HTI Tank Wash started as a facility to service only Harkrader Trucking, but 25 years later, it's handling major work in the Bay Area
Mar 1, 2010 12:00 PM, By Rick Weber
HARKRADER Trucking Inc (HTI) is celebrating the 25th anniversary of its six-bay tank-wash facility in Oakland, California — which is rather amazing to owner John Harkrader, given that he never planned it.
He built the tank wash three years after starting his trucking company, Harkrader Trucking. His trucks hauled food-grade products and light-chemical commodities in the San Francisco Bay Area and surrounding counties.
The process of getting tank trucks cleaned in between loads could be long and costly. Not only was the tank truck delayed from completing the next load, but the driver had to be paid for the waiting period. It seemed like the natural course was to build his own tank wash rack — which would mean no waiting, and a lower cost for the cleaning.
“Shortly after we built our tank wash, the only other wash rack in the area was closed,” he says. “We were thrown all of the business in the bay area, and we went from 8 hours, 5 days a week to 24/7 to handle it all.
“We soon decided that tank cleaning was a much easier business to run, and more profitable than the trucking had been to us, so we sold the trucks and shifted all of our attention to the tank wash. I just lucked out, getting into this business. It wasn't my original plan.”
At its peak in the mid 1990s, HTI handled 150 trucks a week. But a number of food companies moved out of California, because of the high costs of labor, insurance, and land. This definitely impacted business, as the call for food-grade washes was drastically decreased.
These days, HTI handles 80 trucks a week. Harkrader isn't complaining, though.
“Business is not as great as it used to be,” he says, “but adjusting to changing times is a factor in any business. The gross amounts may have gone down but costs have also gone down. The costs of operating have been refined over the years. My profit margin today is the same as it was when I used to do twice as many trucks.”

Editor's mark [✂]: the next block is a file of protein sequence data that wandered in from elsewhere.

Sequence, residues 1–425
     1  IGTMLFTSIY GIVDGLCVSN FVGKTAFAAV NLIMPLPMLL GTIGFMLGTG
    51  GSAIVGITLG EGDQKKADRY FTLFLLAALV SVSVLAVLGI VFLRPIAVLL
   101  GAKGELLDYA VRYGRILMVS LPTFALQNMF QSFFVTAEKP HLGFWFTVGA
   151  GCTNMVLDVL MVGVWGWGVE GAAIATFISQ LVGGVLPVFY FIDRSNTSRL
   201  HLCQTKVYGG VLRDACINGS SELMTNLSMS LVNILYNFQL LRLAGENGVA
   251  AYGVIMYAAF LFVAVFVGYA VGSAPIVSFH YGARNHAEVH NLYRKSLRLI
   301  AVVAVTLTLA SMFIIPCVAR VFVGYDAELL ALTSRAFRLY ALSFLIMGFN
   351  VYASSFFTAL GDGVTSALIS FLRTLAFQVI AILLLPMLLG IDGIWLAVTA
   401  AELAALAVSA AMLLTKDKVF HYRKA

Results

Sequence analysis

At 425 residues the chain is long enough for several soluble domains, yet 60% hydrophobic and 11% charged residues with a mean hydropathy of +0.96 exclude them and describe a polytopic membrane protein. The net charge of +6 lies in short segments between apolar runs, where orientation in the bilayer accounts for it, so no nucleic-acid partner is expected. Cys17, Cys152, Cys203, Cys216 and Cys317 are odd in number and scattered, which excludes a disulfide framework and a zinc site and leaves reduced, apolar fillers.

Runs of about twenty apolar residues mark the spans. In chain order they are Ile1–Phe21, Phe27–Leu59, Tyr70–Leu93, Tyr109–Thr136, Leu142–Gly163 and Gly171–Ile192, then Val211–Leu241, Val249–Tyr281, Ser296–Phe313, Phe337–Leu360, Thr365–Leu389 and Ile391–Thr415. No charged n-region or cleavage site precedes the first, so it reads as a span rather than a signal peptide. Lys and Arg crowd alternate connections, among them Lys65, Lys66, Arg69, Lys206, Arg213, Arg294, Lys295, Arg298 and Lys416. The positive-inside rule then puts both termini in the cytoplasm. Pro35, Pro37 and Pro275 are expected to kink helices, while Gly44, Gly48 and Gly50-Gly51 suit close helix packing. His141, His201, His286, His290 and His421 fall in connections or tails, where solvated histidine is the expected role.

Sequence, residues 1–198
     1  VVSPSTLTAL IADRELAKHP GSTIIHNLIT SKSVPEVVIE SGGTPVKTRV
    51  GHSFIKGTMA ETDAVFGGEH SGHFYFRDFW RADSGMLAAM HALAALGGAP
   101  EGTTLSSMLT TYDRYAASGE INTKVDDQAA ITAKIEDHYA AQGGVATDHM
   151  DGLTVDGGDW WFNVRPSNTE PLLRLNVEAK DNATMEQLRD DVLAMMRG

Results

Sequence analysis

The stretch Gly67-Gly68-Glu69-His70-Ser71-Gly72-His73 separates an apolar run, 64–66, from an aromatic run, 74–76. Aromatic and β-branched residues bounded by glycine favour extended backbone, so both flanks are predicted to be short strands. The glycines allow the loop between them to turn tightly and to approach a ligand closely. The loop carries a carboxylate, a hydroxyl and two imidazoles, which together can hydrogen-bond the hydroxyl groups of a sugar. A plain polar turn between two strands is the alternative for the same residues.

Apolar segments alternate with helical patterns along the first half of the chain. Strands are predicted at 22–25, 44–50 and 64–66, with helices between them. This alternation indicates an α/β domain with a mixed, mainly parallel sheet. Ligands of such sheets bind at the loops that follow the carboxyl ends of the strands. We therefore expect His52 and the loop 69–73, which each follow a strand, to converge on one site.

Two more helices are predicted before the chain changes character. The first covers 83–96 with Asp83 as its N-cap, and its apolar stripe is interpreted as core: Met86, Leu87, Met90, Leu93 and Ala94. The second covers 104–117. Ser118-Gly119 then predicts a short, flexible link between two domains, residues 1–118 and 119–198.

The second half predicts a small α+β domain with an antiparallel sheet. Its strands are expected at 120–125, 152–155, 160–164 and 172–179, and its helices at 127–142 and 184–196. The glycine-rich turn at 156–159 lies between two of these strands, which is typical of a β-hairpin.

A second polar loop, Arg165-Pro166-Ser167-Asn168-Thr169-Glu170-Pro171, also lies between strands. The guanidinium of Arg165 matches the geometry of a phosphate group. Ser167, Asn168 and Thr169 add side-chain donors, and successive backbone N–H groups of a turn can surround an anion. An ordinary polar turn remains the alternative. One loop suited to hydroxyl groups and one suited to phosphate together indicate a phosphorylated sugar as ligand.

As the years have gone by, the restrictions of the local publicly owned treatment works (POTW), East Bay MUD, have become more rigorous. Handling so many various food grade and chemical washes, HTI's waste stream has been different every day — even every minute. The biggest challenge became developing a treatment system to meet the environmental boundaries set by the Environmental Protection Agency (EPA) and East Bay MUD.
“We definitely paid our dues and fines over the years, trying to experiment with different treatment systems,” Harkrader says. “We finally came up with one that works pretty darned good. We haven't had a violation in seven years.
“We've worked with HydroTech Environmental in building a treatment system that uses a special powdered polymer to separate any hazardous content from our waste stream. The waste water is sent to a 15,000-gallon holding tank, the pH level is adjusted and the waste water is sent to the treatment machine. The hazardous elements are separated, removed and the water is sent to another holding tank. The final step takes the water through a carbon filter to remove any trace of hydrocarbon that may be present, before being released to the sewer district.
“Hydro Tech Environmental experimented with different blends of polymer to finally find the one that works for our waste stream. We experimented for five years to get the right blend, right pH, the right speed on the treatment machine, and the right carbon filter. It was all worth it.”
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